A woman in Portland, Oregon, has shut herself off from society in an attempt to show whether online interaction is a satisfactory subsitute for in-person interaction. Newspaper to New Media characterizes it as a sort of experiment, stating that she aims “to learn how technology walls people off even while connecting them.” Her site itself explains it as not an experiment, but as a kind of performance art, and her living quarters, showcased on a city street, are a companion piece.
If it’s art, I’m not the judge (the only significant art I own consists of a handpainted pig on the wall and my children’s crayon drawings covering my office door like wallpaper).
But as experiment, I have a few things to say about this. It offends me not as a scientist (as a scientist, I love seeing nonscientists try changing the variables to see what happens – the basis of some of the greatest experiments), but it offends me as a cancer patient. Unless handled carefully, work like this belittles the vast experience that people who live this every day have. That people who suffer from depression, agoraphobia, isolation, disesase, or compromised immune systems live with every day.
There are many people for whom social media is not just a fun distraction on the commute home or between meetings, but for whom social media is a lifeline. . . their only interaction with the outside world, and one that is vital to keeping their own sanity.
I ranted in a blog comment:
How privileged, do be able to do this as an experiment. Why not just ask those of us who have to live this, or a form of this everyday? I’ll give you a hint: many cancer patients in treatment, with compromised immune systems, are largely confined indoors when treatment season (4-6 months) conflicts with flu season. Many of us have found solace, and friendship, and a way to keep up with our lives through social media. I know I have.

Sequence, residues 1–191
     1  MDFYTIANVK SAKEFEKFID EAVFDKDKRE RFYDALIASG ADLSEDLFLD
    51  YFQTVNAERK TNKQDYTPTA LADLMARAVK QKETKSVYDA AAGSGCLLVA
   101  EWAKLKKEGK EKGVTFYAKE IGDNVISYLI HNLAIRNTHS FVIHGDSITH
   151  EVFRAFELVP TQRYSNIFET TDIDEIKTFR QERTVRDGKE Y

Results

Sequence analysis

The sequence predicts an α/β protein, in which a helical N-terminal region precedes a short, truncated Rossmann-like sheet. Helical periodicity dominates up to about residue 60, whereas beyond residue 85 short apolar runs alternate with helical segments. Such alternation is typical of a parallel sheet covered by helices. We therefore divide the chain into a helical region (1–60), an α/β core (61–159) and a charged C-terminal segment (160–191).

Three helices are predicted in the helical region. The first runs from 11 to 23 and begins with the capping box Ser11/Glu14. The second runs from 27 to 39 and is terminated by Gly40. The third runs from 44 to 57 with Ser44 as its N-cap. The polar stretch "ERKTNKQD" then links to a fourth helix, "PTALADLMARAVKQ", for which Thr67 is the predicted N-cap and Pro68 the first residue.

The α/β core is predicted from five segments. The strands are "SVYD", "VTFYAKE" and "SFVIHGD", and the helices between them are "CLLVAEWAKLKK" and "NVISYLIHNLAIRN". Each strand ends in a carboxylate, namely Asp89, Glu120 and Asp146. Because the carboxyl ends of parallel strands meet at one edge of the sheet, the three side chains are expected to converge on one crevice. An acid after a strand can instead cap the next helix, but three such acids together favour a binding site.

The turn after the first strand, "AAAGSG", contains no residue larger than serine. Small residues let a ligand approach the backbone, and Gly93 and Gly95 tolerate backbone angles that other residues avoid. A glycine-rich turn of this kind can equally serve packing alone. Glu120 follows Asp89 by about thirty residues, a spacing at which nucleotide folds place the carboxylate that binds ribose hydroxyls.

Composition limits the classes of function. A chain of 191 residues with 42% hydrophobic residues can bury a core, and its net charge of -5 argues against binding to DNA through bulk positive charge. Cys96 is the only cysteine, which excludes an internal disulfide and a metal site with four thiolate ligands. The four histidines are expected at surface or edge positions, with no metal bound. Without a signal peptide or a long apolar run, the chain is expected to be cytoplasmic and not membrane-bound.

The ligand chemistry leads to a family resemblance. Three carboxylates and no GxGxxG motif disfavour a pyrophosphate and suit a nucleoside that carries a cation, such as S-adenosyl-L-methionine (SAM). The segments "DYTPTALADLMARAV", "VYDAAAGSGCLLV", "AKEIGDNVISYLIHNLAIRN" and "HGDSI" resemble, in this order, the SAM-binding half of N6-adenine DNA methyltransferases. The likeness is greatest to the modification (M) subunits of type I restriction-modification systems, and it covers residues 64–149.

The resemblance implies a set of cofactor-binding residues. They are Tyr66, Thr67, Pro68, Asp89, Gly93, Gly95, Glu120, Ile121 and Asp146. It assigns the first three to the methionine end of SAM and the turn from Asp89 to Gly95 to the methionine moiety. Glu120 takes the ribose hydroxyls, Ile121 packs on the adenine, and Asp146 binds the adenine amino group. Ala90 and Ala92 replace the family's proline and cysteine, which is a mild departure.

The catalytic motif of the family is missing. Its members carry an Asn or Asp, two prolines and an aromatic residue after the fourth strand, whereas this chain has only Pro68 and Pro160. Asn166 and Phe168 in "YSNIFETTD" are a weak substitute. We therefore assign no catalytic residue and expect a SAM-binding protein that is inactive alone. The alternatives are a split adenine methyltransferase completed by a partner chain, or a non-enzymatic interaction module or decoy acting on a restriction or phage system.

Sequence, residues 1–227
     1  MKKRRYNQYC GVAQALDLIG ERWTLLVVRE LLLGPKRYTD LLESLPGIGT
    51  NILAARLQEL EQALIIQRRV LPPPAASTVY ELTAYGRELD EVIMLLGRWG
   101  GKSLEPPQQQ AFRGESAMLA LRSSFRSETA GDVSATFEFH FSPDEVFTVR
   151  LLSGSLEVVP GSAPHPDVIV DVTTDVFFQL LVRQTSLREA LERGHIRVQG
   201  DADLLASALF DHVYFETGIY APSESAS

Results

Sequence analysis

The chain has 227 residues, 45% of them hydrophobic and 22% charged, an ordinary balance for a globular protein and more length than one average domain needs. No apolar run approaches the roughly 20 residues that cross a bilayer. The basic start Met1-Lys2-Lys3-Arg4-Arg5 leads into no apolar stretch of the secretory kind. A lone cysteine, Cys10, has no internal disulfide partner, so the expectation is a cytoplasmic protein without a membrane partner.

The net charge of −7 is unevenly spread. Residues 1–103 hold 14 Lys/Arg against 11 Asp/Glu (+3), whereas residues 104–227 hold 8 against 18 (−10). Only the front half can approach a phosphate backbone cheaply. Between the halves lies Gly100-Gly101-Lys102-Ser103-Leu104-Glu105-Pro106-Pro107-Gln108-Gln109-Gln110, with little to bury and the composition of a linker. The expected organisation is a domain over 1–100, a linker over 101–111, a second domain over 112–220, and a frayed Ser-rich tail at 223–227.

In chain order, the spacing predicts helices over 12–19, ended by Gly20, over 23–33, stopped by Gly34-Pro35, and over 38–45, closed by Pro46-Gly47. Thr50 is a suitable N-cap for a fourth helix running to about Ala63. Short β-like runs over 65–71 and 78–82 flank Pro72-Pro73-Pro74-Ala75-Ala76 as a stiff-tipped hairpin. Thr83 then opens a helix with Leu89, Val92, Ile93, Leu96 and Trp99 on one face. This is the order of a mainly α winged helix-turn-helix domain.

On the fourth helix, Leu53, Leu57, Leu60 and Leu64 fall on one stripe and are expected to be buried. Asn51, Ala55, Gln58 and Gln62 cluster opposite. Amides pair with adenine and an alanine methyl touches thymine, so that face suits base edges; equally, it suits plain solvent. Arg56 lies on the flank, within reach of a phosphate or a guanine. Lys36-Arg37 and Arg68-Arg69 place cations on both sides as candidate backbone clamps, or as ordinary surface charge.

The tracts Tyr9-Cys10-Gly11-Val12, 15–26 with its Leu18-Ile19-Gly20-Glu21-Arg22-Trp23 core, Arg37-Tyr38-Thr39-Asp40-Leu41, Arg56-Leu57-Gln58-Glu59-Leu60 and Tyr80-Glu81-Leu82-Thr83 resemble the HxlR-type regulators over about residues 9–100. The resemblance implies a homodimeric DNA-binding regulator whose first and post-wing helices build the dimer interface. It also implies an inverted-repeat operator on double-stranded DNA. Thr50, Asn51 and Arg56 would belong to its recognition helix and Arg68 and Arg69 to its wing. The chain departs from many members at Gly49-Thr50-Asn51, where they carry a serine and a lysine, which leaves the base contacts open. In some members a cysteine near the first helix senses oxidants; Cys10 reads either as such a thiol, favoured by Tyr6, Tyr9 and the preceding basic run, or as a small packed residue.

I have, and I’ve written about the way that blogging is my window to the world, both as a mother of very young children needing frequent naps (remember those? as many as five a day for the littlest ones?) and then as a woman in chemotherapy, with an immune system not strong enough to fight off flu season, as in 2007. My immune system is strong as I fight cancer this time (I have the white blood cell counts to prove it!), but it does take me longer to shake off infections; I’ve been down for a week with the latest preschool virus.
Which makes the count nearly 3 weeks that one or the other of us has had a fever and such, precluding playdates and coffees, and Mommy’s too tired for any activity after noon, so it’s been pretty quiet around here.
Is online interaction a satisfactory subsitute for in-person interaction? No. Hell, no. But some days, it’s the best you’re gonna get, and for that, I am grateful.
Know someone who is isolated from the world because of a new baby, an ailing family member, or the simple ravages of old age? You CAN help make it better for them, not by “like”ing something on Facebook or RT’ing it on twitter – but with a simple phone call. Go ahead. Use those minutes on your cell phone this month. Call Grandma or that nice old lady from the church who smells like peppermints. Ask that shy mom with two kids under 3 to coffee at the park — or ask if you can bring her a treat from Starbucks. Spend your facebook time today on the phone instead, or dropping by a friend’s house (after calling!), talking and connecting with someone who may not have any other contact with the outside world. Do your own experiment, and find out whether that makes you feel better than another round of Words With Friends or bringing someone an item for their Facebook Farm. And come back and let me know. Maybe I’m wrong in the post above. Maybe this is a good social media experiment in the reverse — and maybe, just maybe, your particpation could make someone happy.
Happy Thanksgiving, my American friends, and Happy Day-That-We’re-Alive to all of the rest of you around the world. This year, as I have every year since 2006, I give thanks for not the institution of social media, but the friends that it has brought me and allowed me to keep through the isolation of early motherhood and severe illness. You are so important in my life, and in the lives of so very many others.